Our bodies are good at generating extremely specific antibodies, targeting a single pathogen among a dizzying mix of harmless bacteria and the proteins made by our own cells.
In recent years, however, it has become apparent that the immune system sometimes gets wildly lucky by generating a single antibody that can neutralize a huge range of viruses.
Mass production of these antibodies might provide a useful therapy, and the hope is that we can incorporate what they tell us into the design of future vaccines for these pathogens.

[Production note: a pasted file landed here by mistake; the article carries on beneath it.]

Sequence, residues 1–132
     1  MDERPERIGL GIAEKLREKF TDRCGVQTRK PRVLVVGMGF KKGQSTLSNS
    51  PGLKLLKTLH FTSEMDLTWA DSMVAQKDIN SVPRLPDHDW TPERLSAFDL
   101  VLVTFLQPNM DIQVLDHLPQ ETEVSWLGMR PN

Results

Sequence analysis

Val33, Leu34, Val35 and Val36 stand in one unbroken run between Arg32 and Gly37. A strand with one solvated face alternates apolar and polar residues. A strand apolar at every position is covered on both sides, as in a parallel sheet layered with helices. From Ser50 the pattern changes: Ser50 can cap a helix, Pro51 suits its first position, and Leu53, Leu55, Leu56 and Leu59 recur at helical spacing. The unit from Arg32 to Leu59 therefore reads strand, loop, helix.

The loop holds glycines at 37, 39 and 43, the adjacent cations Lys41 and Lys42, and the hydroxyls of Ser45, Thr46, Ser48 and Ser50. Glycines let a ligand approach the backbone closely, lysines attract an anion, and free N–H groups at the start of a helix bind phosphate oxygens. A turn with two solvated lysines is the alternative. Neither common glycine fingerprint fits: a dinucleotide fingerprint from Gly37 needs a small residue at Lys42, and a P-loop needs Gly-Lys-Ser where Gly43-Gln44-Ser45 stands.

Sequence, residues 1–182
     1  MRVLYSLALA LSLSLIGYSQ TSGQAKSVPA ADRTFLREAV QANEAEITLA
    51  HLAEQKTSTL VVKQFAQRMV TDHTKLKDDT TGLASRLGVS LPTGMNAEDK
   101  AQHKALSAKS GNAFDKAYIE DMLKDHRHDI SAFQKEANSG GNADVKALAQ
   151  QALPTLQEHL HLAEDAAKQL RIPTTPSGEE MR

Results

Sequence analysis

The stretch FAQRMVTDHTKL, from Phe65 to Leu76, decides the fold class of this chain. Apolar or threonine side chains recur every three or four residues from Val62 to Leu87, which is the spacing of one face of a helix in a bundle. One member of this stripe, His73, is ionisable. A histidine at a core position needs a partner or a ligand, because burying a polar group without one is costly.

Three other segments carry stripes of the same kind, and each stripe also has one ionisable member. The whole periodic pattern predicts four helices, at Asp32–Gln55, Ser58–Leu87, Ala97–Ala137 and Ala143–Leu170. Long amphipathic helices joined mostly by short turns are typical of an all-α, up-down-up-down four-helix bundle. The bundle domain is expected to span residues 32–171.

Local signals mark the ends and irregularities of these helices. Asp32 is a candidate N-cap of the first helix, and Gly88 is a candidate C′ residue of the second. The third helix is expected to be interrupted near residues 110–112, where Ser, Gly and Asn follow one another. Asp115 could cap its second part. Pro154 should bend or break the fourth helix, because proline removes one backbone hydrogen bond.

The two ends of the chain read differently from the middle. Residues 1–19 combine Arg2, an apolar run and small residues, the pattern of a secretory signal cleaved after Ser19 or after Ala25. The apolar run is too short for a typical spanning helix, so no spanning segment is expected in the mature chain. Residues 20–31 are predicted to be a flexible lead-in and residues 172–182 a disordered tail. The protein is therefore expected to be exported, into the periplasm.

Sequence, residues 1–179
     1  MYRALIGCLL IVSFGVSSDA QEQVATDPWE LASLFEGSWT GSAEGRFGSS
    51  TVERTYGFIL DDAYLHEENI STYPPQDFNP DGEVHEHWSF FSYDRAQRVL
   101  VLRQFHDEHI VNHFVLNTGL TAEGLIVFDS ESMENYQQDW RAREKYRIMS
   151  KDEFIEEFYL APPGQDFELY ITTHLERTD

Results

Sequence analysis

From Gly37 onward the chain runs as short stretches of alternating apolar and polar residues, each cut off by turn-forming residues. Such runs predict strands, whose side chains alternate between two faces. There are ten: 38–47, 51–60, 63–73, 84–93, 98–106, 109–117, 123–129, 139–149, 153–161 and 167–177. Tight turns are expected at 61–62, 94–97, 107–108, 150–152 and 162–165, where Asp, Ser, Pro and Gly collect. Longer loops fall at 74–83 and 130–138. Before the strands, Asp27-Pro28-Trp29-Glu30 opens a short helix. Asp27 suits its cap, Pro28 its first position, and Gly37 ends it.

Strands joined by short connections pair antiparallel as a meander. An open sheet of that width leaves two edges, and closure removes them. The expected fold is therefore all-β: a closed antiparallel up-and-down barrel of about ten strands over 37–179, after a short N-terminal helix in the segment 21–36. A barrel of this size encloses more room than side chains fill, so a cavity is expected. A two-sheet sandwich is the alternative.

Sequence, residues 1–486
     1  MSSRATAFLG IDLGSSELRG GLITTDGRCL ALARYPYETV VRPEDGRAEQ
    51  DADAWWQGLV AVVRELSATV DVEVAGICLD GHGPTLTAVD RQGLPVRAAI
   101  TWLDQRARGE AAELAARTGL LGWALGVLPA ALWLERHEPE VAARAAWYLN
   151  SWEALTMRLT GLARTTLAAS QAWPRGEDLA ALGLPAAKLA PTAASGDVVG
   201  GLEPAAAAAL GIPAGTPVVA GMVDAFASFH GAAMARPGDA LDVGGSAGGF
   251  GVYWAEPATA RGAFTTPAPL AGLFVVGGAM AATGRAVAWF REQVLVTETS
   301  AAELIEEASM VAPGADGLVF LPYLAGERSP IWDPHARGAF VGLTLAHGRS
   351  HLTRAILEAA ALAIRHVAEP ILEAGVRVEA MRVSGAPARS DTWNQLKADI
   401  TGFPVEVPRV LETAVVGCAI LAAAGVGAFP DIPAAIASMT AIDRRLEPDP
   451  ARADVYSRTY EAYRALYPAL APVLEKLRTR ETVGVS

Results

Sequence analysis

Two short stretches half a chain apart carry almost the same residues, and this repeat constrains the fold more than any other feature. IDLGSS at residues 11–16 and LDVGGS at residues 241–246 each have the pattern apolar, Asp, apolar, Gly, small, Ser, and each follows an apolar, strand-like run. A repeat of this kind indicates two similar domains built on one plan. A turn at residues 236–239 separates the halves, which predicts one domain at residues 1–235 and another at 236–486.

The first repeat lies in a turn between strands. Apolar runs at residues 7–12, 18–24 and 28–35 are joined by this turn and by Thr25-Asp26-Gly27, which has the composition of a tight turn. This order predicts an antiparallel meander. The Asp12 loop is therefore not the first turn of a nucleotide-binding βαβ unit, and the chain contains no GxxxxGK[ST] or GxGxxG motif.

But that creates a strong evolutionary selection for mutations that change these features.
Some of those are even luckier still, and they stick to part of a protein that's utterly essential to the pathogen and block its function.
In the case of the flu virus, broadly neutralizing antibodies have been discovered, and these tend to bind to the virus' hemagglutinin protein (the H in the flu's HA nomenclature).